• As the New York State Corrections Officers and Police Benevolent Association initiates an ad campaign demanding additional “staffing and technological resources,” allied Republican state lawmakers have asserted that “humane” isolation is necessary to keep staff safe. Meanwhile, former Police and Correction Commissioner Bernard Kerik said that solitary confinement can amount to cruel and unusual punishment.
• Al Jazeera America published an op-ed calling for the US to abolish solitary confinement. Another opinion piece, this one printed in The Baltimore Sun, called for the city to stop placing kids in adult jails, where they often end up in isolation.
The New York Times Magazine feature story on the United States Penitentiary Administrative Maximum, or ADX, in Florence, Colorado, appeared under the headline “Inside America’s Toughest Prison.” In fact, no journalist has been inside ADX for at least 15 years, but 400 men live there, some for years or decades.
The story has suddenly spurred interest in the federal supermax prison, which its own former warden described as “a clean version of hell.” A number of journalists have been writing about this torture chamber for years, including Susan Greene in The Colorado Independent and the Dart Society Report, Alan Prendergast in Westword, and Andrew Cohen in The Atlantic. We’ve written about it ourselves, here on Solitary Watch, and have also published many pieces of writing by men currently or formerly held in ADX.
In light of the heightened interest in the prison, we provide below links to the voices of people who know what it is like to live inside the walls of ADX.
In January of this year, the Wisconsin prison system implemented new policies which will revamp the way in which solitary confinement is used as a correction measure against prisoners violating prison rules. While the Legislature endorsed the changes, guards, people in prison, and prison activists say that it remains unclear whether the adjustments means fewer people will spend less time isolation.
The Wisconsin Department of Corrections (DOC) holds approximately 1,500 people of the state’s 22,000 prisoners in some form of segregation on any given day, sometimes for months, years or even decades at a time. According to the Wisconsin Center for Investigative Journalism, solitary is routinely used to punish individuals for violations of prison regulations. A 2013 report by the Association of State Correctional Administrators found 118 people in Wisconsin correctional facilities were held in solitary confinement for over two years, 14 of whom were kept in isolation for over a decade. According to a 2009 Wisconsin state audit, almost half of all people held in solitary suffer from serious mental illness.
At Waupan Correctional Institution, a state prison 55 miles of Madison, cells are about the size of a bathroom with a small window. People in the unit are held in 23-hour-a-day lockdown with no contact with the external world aside from that with corrections officers — and incoming mail if they are lucky. According to The Cap Times, the unit combines severe isolation and frequent use of force on people confined in the prison. In fact, two people held in solitary confinement at Waupun have committed suicide between December 2013 and July 2014. The story states:
The use-of-force reports release for Waupan from 2012 and most of 2013 include six cases in which was force was deployed against inmates in segregation while they were engaged in acts of self-harm or attempted suicide.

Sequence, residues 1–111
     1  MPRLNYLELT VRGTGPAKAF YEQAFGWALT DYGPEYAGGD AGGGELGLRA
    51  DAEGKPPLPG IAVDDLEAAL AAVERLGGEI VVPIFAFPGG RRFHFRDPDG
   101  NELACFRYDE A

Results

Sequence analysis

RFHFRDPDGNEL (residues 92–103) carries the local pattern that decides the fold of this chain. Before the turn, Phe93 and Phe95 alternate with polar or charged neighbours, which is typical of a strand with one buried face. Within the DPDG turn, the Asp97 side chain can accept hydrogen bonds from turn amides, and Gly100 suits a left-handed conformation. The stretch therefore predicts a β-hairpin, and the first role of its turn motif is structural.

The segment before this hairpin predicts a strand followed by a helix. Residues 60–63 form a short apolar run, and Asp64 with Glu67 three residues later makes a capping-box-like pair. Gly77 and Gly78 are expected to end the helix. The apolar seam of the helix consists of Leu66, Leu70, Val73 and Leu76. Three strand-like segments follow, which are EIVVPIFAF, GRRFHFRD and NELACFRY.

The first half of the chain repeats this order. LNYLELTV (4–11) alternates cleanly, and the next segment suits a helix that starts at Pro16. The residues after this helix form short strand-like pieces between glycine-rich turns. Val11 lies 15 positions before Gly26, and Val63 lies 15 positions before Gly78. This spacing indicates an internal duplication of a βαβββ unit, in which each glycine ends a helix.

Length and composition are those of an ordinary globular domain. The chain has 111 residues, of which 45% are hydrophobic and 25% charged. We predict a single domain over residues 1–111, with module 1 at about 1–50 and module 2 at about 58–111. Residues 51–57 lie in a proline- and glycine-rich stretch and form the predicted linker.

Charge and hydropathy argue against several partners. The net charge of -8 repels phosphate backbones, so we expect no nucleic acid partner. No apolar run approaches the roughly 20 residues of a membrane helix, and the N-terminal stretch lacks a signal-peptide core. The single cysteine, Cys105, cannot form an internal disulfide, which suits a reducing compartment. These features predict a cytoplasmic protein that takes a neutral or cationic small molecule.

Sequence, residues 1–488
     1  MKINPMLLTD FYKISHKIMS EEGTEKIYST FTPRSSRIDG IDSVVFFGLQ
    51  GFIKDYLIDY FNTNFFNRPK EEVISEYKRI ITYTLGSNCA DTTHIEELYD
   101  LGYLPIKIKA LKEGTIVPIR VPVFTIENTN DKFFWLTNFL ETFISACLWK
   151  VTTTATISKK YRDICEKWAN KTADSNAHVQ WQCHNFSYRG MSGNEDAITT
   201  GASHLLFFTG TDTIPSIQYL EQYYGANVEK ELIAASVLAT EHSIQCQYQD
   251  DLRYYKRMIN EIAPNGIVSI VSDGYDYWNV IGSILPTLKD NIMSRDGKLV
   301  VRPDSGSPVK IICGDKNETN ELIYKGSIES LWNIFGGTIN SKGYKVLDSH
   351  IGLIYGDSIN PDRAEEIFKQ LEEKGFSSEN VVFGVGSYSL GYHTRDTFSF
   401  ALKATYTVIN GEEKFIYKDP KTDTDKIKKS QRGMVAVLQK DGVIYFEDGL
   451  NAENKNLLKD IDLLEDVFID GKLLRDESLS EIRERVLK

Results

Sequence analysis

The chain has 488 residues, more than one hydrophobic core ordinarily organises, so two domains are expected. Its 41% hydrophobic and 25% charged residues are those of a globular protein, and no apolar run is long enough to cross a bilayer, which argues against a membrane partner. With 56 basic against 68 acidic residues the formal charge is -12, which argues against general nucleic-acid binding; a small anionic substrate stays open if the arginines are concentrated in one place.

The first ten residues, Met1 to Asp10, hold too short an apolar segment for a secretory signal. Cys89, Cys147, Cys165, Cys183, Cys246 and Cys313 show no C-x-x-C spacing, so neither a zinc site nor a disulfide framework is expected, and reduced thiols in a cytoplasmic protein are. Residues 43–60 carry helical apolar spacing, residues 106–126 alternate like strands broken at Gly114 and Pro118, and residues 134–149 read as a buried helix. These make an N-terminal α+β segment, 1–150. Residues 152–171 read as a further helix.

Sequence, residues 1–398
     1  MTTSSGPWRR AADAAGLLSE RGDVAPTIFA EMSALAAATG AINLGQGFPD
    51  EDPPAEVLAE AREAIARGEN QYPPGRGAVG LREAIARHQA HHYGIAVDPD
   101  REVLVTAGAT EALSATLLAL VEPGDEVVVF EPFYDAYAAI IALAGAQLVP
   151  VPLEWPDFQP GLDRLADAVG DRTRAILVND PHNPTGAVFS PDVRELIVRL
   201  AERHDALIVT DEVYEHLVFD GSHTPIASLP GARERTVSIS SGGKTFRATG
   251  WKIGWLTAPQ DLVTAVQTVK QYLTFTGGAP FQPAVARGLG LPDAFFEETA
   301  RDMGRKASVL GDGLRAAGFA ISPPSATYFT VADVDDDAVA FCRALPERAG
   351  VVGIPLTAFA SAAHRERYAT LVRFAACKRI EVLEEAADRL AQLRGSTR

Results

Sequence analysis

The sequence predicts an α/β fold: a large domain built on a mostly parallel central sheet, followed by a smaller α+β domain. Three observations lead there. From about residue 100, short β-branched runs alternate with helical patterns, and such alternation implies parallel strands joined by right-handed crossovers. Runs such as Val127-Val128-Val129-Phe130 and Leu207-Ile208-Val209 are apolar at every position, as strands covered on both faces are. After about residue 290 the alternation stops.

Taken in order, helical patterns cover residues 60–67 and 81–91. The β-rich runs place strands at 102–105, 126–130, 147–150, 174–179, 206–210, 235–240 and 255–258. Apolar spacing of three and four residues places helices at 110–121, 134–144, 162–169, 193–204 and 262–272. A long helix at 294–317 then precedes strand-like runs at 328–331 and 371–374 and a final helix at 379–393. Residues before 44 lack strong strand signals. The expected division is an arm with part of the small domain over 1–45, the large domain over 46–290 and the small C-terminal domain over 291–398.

One inmate cut his wrist and forearm with metal from his glasses and was pepper sprayed. Others were tasered or sprayed after taking pills or attempting to hang themselves with a bedsheet or pillow case.
Waupun’s isolation unit has elicited numerous grievances from prisoners alleging abuse by officers. Since 2011, the Wisconsin Center for Investigative Journalism found 40 physical or psychological mistreatment claims of people in isolation, comprising 33 prisoners since 2011. Officials deny any instances of abuse, however, instead accusing the prisoners of fabricating claims of mistreatment.
Secretary of Correction Calls for Change; Advocates Call for Clarity
Wisconsin secretary of Correction Ed Wall has stated that he would like to reduce the use of solitary in the state. In an April 2014 message to his staff, Wall writes: “Are we placing inmates in segregation because we are mad at them? And if we are, does this help our inmates or does it make us any safer?”
Wall’s communication with staff, obtained by Wisconsin Center for Investigative Journalism, stated the DOC would be working with “scientists, scholars and mental health professionals from across the country” to outline new approaches, recognizing that the topic “will undoubtedly touch nerves with staff for a variety of reasons.”
According to WisconsinWatch.org:
Despite these internal communications, the DOC has been publicly tight-lipped about policy changes regarding its use of solitary confinement. Wall declined an interview request and agency spokeswoman Joy Staab has declined to answer questions about specific changes.
The DOC took more than two months to fulfill an Aug. 1 request from the Center for records on the matter, then provided only records up until the time of the request. Still, nearly 250 pages of records were released…
Wall went on to muse that segregation has at times become “a method to isolate and punish inmates as a form of internal judge, jury and executioner. Depriving people of outside contact, personal property, programming, etc., seems to focus on doing psychological harm rather than achieve desirable goals.”
Wall also wrote, “Courts have repeatedly found that forcing prisoners with mental illness to undergo solitary confinement constitutes cruel and unusual punishment. How would our placements be viewed by the courts?”